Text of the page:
Anyway, I decided to accept the invitation and I went along to St Christopher’s this morning. A very small, simple church ministered by a local Swazi called Father Peter. As always, I stood out with my white skin and the recognition that I was the dokatella from Good Shepherd. The people there were incredibly friendly and delighted to have me as part of their congregation. The service was exactly the same as what I have paid witness to in Australia and I am afraid I did not find the enlightenment or comfort I was desperately hoping to seek. Half way during the service, the minister asked me to get up and address the congregation. I was certainly not warned that this would happen, but very little phases me now and I got up to the pulpit. I explained where I was from and what I was doing here and then I started to cry. This is a curse that has afflicted me since childhood. My inability to control my tears in public. I spoke of the burden of HIV in this country and my feelings of helplessness in trying to relieve the suffering. I told them that I had lost my faith. The congregation responded with rapturous applause and I just stood there a little embarrassed at my public display of emotion, but the people obviously appreciated my frank honesty. One of the congregation members then said a prayer on behalf of everyone and she openly and passionately prayed for me. It was really very touching. We then prayed that the recent political turmoil here would resolve peacefully and then we prayed for rain. Water is scarce here and as one parishioner eloquently explained- people are drinking the same water as the cattle.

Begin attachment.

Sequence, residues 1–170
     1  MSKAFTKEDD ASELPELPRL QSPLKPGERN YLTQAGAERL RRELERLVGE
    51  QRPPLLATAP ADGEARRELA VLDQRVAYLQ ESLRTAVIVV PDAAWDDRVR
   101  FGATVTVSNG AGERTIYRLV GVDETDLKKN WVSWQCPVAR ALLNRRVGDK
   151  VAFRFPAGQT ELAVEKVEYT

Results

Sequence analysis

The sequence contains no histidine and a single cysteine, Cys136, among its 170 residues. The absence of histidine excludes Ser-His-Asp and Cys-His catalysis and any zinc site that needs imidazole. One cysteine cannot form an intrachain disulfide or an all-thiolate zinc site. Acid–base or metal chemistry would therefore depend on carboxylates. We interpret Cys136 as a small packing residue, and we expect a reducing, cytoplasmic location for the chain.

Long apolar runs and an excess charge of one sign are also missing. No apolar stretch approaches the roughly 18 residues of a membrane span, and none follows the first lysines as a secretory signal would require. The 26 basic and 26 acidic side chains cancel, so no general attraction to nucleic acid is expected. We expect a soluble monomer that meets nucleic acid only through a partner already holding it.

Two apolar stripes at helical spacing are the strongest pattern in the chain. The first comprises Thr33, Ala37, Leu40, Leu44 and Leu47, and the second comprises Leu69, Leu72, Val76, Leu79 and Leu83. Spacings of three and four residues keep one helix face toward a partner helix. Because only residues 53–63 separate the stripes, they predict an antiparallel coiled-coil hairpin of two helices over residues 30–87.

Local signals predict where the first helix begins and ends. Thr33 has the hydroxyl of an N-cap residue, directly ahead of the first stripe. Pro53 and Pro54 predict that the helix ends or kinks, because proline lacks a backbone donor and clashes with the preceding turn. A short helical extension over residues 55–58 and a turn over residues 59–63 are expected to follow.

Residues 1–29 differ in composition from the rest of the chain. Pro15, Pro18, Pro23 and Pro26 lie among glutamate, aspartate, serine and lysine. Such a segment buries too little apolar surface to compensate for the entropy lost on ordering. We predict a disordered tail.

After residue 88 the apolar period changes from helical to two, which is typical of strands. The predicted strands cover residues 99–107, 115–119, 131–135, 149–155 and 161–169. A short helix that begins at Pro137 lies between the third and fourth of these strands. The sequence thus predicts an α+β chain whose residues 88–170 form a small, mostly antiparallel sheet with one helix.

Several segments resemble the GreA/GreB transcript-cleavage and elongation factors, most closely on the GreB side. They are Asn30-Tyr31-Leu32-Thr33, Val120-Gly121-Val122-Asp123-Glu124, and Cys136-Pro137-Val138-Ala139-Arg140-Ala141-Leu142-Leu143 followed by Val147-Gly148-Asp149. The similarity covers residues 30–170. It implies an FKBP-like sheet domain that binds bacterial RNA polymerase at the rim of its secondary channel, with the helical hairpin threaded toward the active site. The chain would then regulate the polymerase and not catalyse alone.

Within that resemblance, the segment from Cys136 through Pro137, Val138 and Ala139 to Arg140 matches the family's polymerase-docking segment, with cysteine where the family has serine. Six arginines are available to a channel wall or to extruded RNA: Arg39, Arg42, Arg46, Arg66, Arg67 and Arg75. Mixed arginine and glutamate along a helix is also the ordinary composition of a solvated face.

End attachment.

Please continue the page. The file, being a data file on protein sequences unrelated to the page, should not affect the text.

I then walked back to Good Shepherd. It was 9am and the weather was beautiful. There was almost no one else in sight and the only sounds I could hear were the songs of birds and the occasional groan from the cattle. It is spring here and the Jacaranda trees are in full bloom. It seems like the whole of Swaziland is coated in a carpet of purple blossoms.